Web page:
By Keoxomphou Sakdavong
Vientiane Times /Asia News Network
Out of the many places we considered, we settled upon the Tad Xai waterfall at Ban Hatkhai in Borikhamxay province, which lies within the Phou Khaokhouay National Protected Area.
Reached by travelling on Road 13 South, it’s near the border between Vientiane and Borikhamxay province, and is about three hours drive from Vientiane.
We chose this place because we heard that trekking guides are available, which we thought was a good idea because we were by no means experienced trekkers.
I have been to Tad Xai a few times before, but mostly just to have a picnic and enjoy the waterfall, which is one of the most beautiful of the many that are to be found in the national protected area. This was the first time I would be able to explore the area more fully.
We arrived at Ban Hatkhai around 10 am where a local tourist officer was waiting to guide us on the walk. The fee for each of us was 45,000 kip. It was several kilometres from the village to the park itself and some sections of the road were quite rough. Drivers would need a vehicle with good clearance or four-wheel drive.
We arrived at the parking place which was shaded by large trees and bordered by a stream which burbled through various shaped rocks. It would make a good picnic spot and you could also have a dip as the water was not at all deep. A sign pointed the way to Tad Xai waterfall, which could be found at the end of a 400 metre path.
But we were intent on having a long walk so we went in another direction along a small trail which passed through woods, so the tree canopy protected us from the hot sun.
We quickly became immersed in our environment and stopped to look at the unfamiliar plants and flowers that we encountered in profusion.
Our surroundings were so enjoyable that we walked slowly and took loads of photos, forgetting that the purpose of the expedition was to get in training for the strenuous Vangvieng Trail. Never mind, the whole experience was all part of the goal, we told ourselves.
After a while we heard the unmistakable sound of a waterfall, which soon came into view. The water cascaded down from a high cliff, so it is aptly named Pha Xay waterfall, or cliff waterfall. It was one of those hidden gems that you would only encounter by walking deep into this scenic area.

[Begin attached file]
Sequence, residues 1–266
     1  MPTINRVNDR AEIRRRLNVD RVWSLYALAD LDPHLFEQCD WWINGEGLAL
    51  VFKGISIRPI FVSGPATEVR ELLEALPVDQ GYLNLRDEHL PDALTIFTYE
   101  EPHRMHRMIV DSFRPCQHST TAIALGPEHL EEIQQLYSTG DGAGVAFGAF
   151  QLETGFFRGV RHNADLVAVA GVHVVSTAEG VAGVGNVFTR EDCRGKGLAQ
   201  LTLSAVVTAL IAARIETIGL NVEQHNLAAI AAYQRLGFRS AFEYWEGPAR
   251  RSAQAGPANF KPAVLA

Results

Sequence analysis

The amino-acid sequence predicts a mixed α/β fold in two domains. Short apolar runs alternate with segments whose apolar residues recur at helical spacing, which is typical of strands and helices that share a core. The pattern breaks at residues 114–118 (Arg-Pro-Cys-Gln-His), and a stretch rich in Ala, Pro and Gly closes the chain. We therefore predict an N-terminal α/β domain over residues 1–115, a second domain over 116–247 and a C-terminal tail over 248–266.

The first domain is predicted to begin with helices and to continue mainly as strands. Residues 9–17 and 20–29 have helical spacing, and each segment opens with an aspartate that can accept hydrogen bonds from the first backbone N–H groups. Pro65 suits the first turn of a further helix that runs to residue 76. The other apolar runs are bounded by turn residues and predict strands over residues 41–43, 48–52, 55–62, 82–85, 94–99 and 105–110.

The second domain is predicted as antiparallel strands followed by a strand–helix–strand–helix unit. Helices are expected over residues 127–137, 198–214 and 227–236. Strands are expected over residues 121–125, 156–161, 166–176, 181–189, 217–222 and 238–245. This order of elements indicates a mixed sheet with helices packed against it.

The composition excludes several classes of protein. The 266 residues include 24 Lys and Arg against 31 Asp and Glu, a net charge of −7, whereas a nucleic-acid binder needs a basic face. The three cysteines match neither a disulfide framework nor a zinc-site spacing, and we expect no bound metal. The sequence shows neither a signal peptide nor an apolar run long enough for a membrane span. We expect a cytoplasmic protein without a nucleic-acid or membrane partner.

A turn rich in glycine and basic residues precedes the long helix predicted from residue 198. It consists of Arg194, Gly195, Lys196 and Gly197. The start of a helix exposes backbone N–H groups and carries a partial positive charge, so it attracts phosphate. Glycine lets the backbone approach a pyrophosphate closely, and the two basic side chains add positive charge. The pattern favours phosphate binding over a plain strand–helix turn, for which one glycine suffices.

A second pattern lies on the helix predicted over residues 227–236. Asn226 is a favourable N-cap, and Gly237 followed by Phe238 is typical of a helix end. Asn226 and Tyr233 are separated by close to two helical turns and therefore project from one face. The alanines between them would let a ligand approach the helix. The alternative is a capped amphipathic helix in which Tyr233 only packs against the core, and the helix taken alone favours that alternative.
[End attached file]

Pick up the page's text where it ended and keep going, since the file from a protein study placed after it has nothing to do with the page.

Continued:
After lingering for a while to enjoy the view and taking more photos, we continued on our way through more oddly-shaped trees and plants and then came to an open field of green grass interspersed with rocks.
Then we were back in the forest again, walking through small and large trees, listening to the sounds of insects and birds against the backdrop of faraway waterfalls, and observing the strange plant life around us. We became engrossed in our surroundings and never had time to feel tired. Now and again we saw groups of colourful butterflies, and stopped to relax near a small stream.
The many streams that traverse the park meant we sometimes had to walk across wooden bridges and near the end of the trail we came upon a mass of different sized boulders piled up on top of each other alongside a large stream overhung with dense foliage.
The tall thick trees were a wonderful sight and created a calming atmosphere so we took a long break and breathed in the smells. We felt we had earned a rest as this was the first trek we had made in this kind of environment.
From here we took a different path back, which led us to the main Tad Xai cascade where most people come to enjoy a picnic.
The waterfall has seven levels over which pours a torrent of foaming white water on its way through Phou Khaokhouay, creating a spectacular sight.
This made another great rest stop and we loitered here for some time before making our way back to the parking area, deeply satisfied with our achievement and our decision to visit this awe-inspiring area.